To the north, the Big Dipper—part of Ursa Major, the great bear—begins the month upside down, “spilling its water” on Polaris (the North Star) and Ursa Minor, the little bear. To identify Polaris, follow the “pointer stars” at the end of the Big Dipper’s bowl. Bracketing Polaris are two brilliant stars: Capella, in the northwest, and comparably bright Vega, in Lyra, the lyre, in the northeast. During the course of a night, or from night to night, this arrangement changes as the sky rotates counterclockwise around Polaris.
In the predawn sky, look for Jupiter and dimmer Saturn low in the southeast. Thanks to the resurgent sun, we have to get out earlier each morning to see them against a dark sky.
 The night of the 25th-26th, May’s full “supermoon” will be large and luminous as it slips through the Crown of Scorpius, a line of three stars near Antares, the scorpion’s red heart. The moon undergoes a total lunar eclipse on the morning of the 26th, but sets before the moment of perfect fullness and also before the eclipse reaches totality.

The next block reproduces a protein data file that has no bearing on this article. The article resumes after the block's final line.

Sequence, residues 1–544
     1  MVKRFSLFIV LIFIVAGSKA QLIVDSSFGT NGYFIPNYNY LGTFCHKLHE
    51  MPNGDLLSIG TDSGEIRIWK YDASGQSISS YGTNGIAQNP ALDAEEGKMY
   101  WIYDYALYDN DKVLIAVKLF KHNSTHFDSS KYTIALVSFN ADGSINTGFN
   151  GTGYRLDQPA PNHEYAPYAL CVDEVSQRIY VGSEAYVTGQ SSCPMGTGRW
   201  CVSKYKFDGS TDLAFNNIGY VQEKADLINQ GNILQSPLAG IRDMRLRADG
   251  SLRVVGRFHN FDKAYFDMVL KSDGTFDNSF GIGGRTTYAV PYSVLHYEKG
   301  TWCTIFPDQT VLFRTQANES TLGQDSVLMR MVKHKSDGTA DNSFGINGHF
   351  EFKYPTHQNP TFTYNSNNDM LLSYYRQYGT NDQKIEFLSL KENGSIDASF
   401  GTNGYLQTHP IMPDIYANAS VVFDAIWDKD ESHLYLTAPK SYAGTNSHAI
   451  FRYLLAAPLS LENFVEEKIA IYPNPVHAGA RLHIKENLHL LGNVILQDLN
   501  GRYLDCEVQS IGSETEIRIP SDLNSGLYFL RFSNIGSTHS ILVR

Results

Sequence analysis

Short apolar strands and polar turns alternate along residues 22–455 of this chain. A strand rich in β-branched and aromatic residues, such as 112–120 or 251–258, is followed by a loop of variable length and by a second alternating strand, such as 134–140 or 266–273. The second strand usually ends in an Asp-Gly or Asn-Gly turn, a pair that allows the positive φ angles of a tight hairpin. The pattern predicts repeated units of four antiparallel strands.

This will be the year’s closest full moon. It reaches perigee, the moon’s closest approach to Earth in a lunar cycle, only about nine and a half hours before reaching fullness. It edges out the runner-up, April’s supermoon, by a razor-thin margin. According to NASA, May’s full moon will be closer than April’s “by about 98 miles, or about 0.04 percent of the distance from the Earth to the Moon at perigee.”


SNF Update

Superior National Forest Update - May 7

Superior National Forest Update with Steve Robertsen, education and interpretation specialist with the USDA Forest Service.
Campgrounds won't have water or dumpsters available until next weekend.  For this and other SNF info, check out this interview...


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Wildersmith on the Gunflint - May 7

Wildersmith on the Gunflint     by     Fred Smith
May 7, 2021    

The Smith’s are back in the woods once again. A swell visit to Iowa found us re-uniting with kids after sixteen months of COVID caused separation. While Zooming is an alternative, there is nothing like the presence of real hugs and face to face conversation.